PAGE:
• Goodwill Impairment Charges: In recent months, companies have reported receiving letters from the SEC Division of Enforcement requesting information regarding goodwill impairment charges.  These inquiries follow statements by SEC staff members that the Commission is worried that some companies are too “vague” when reporting the reasons for goodwill impairments, and that companies should let investors know sooner when circumstances are pointing to a goodwill write-down.9 The SEC staff said it wants companies to present the “whole story” about their write-downs, and that disclosures about decreased valuations are not enough to explain them.
  • Accrued Liabilities: A goal of the SEC’s new accounting effort is to identify judgmental accounting determinations that may be susceptible to earnings management, and a primary target is questionable choices regarding discretionary accruals. SEC officials have indicated that they will use the Commission’s accounting quality model software to identify discretionary accruals that indicate a company may be attempting to smooth income and, therefore, manage earnings.10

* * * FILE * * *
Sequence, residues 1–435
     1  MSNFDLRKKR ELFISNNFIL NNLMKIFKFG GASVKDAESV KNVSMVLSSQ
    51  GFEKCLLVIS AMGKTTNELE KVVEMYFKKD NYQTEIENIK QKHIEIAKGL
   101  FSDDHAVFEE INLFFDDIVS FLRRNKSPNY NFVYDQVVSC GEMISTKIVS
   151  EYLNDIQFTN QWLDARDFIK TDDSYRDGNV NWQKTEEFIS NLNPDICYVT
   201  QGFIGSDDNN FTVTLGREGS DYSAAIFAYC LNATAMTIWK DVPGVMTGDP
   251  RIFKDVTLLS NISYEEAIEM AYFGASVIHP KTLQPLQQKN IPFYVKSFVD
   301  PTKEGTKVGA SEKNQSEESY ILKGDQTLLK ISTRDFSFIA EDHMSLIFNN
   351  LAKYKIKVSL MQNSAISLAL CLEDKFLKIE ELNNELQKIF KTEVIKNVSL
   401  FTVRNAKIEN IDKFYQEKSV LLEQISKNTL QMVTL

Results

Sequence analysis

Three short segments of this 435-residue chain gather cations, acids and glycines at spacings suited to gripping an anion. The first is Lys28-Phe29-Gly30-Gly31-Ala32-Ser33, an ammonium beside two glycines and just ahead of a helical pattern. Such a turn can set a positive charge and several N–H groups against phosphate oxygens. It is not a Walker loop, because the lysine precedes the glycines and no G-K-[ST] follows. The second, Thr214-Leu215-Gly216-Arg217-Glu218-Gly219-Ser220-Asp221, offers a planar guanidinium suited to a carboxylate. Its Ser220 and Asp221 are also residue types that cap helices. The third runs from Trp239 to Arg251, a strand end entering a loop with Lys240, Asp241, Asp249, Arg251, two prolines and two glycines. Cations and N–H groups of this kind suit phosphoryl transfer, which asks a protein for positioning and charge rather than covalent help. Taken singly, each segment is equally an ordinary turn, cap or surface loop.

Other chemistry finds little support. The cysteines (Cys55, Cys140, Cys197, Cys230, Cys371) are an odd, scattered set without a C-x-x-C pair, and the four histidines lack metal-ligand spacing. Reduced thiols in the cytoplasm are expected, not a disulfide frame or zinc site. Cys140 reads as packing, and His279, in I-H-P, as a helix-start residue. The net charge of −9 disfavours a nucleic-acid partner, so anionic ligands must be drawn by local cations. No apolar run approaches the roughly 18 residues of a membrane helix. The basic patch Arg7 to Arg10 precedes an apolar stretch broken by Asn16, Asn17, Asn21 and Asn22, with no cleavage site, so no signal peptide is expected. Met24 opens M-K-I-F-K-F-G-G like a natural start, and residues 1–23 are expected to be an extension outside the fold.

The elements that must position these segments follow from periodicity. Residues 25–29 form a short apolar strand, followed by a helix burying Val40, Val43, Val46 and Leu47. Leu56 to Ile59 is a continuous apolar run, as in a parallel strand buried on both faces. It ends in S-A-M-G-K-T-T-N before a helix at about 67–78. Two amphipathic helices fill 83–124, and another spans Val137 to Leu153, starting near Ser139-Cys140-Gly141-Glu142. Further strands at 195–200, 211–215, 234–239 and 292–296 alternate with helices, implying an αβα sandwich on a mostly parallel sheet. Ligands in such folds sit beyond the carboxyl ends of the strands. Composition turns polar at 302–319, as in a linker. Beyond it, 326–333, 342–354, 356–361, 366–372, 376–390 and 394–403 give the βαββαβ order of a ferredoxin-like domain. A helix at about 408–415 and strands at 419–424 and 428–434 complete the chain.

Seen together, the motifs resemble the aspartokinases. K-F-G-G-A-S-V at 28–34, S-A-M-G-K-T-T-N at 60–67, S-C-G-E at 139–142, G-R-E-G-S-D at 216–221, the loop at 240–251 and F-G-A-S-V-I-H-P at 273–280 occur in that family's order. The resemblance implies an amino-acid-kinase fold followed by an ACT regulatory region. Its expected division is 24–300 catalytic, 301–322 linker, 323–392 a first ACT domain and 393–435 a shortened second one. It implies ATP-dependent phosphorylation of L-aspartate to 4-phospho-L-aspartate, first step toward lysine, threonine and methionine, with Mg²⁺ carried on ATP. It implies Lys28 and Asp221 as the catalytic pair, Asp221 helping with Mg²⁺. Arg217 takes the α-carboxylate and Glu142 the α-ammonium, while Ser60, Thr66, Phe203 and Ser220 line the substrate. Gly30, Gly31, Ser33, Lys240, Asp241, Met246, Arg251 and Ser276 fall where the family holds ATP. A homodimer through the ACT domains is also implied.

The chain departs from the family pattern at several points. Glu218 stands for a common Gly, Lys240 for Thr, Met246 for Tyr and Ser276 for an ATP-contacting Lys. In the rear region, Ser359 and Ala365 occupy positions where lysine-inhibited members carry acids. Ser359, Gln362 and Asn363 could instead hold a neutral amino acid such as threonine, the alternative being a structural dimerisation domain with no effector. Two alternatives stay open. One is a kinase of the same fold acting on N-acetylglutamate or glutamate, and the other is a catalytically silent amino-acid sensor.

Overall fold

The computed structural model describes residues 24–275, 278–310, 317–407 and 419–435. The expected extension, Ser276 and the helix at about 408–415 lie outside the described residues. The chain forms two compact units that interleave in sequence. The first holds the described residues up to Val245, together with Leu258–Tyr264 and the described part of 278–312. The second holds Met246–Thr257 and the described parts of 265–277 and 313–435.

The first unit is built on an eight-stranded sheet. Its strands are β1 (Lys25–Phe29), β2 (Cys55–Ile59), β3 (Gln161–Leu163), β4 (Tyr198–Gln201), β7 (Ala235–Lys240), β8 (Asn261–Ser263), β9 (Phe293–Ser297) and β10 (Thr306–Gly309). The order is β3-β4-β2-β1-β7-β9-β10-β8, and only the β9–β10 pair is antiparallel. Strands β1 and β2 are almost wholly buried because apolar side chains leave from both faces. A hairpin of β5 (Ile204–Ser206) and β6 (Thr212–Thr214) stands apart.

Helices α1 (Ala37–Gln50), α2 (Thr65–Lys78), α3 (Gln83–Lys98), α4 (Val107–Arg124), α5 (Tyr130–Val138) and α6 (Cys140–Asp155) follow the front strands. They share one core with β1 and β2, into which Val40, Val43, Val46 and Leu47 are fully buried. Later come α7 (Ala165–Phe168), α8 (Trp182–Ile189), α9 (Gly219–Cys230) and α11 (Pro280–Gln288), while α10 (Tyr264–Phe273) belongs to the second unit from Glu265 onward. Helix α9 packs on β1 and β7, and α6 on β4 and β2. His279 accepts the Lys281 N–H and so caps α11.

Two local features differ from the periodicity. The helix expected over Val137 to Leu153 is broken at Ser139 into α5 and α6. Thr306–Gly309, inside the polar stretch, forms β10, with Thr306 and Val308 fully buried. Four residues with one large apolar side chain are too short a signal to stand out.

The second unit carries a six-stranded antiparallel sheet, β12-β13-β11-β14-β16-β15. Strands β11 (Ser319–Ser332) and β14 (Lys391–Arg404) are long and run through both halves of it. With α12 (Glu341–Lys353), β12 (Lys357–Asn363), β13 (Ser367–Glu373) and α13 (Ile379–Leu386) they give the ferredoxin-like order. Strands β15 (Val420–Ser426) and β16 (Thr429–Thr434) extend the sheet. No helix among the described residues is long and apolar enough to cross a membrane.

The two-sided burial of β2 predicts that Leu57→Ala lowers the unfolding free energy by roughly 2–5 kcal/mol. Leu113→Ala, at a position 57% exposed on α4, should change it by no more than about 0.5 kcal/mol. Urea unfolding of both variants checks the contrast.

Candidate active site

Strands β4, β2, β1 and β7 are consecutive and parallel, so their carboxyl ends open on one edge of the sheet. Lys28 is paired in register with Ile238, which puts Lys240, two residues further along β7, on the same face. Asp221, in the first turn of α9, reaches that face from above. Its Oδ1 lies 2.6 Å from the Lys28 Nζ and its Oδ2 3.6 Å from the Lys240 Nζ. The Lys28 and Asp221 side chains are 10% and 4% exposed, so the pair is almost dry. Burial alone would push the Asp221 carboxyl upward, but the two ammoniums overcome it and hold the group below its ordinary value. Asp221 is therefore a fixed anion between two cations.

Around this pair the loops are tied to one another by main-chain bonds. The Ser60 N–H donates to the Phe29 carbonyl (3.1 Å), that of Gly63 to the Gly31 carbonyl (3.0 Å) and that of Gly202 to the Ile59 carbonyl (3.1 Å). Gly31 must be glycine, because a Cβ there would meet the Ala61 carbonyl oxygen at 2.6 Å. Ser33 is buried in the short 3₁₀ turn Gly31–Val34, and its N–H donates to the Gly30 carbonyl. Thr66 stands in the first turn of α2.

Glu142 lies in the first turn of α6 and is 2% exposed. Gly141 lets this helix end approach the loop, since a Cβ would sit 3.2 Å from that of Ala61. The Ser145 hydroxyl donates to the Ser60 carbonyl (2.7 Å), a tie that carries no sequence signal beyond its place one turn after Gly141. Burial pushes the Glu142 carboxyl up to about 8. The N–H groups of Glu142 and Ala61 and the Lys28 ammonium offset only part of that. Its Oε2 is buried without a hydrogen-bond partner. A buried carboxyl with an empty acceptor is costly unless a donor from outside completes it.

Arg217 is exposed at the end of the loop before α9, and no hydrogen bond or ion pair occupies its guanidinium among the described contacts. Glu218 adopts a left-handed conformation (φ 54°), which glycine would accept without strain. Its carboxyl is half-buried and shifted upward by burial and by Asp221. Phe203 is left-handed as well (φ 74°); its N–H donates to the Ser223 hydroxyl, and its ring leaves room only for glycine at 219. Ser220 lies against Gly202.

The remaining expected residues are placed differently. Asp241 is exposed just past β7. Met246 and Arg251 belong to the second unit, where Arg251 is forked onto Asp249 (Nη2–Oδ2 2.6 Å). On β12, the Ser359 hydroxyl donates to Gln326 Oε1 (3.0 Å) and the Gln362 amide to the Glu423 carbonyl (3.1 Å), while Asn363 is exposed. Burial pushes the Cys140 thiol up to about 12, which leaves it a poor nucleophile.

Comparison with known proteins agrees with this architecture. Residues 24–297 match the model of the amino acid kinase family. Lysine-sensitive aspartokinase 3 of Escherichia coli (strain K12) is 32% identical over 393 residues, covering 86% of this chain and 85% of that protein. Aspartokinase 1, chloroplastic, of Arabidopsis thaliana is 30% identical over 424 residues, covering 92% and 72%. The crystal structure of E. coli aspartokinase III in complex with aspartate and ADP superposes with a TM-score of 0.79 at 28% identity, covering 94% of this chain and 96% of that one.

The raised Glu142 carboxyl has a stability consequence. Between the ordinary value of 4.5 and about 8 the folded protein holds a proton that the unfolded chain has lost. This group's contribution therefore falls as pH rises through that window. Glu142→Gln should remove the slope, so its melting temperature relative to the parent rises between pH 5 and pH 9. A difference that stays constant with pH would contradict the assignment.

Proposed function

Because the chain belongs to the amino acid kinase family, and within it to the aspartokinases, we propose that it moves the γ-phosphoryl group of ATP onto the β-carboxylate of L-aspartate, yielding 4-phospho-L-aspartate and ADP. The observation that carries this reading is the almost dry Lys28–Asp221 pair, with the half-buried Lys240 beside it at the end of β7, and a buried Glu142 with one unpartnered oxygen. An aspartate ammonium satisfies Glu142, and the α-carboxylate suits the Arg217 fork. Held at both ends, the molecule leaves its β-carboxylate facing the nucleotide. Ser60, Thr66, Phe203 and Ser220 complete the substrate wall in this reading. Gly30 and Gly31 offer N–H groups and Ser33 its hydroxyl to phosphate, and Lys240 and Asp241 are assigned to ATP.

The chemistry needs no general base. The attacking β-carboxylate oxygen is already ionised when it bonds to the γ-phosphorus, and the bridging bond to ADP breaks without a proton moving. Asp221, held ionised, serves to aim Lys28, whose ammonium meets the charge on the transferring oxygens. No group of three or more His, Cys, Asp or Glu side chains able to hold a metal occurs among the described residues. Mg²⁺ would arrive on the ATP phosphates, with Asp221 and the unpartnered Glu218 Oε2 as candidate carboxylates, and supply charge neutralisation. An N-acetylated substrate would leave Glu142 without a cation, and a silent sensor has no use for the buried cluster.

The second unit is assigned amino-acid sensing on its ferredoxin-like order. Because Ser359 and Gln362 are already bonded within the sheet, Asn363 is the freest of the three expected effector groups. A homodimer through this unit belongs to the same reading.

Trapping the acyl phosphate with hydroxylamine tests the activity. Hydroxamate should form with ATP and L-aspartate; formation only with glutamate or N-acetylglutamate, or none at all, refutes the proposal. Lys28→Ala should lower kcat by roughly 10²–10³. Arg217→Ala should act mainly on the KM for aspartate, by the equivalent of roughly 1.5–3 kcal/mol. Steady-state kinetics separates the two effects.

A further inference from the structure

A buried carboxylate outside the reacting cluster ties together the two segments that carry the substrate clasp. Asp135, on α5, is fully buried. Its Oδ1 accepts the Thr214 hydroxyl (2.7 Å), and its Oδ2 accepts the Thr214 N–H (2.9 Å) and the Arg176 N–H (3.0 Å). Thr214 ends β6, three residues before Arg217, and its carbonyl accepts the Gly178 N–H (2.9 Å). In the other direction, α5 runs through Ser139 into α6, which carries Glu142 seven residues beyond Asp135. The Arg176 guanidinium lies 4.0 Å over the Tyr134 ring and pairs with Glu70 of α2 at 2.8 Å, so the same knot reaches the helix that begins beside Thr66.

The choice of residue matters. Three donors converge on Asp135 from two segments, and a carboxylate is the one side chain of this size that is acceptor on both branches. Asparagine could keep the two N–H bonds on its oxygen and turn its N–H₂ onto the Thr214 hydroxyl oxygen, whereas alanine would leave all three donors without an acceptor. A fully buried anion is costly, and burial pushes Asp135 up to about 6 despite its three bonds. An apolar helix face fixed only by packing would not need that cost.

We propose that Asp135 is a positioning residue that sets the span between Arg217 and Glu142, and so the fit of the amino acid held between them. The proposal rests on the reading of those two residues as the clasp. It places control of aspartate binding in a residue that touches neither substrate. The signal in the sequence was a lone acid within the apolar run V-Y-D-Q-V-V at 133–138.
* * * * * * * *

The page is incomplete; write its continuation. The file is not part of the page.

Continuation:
• “Revision Restatements”: Observers have noted an increase in companies that disclose revised financial information in revision restatements, which, unlike reissuance restatements, do not require a filing on Form 8-K,11 and expressed skepticism as to their appropriateness. That critique appears to resonate with the SEC staff, as David Woodcock, Task Force Chairman, has stated that he is troubled by the spike in the number of companies making minor revisions in financial statements. “In 2012, 64.7% of restating filers issued revision restatements, up sharply from 48.1% in 2009”, and double the level in 2005, the first full year that companies had to file notices about them.12 The SEC staff can be expected to scrutinize such revisions.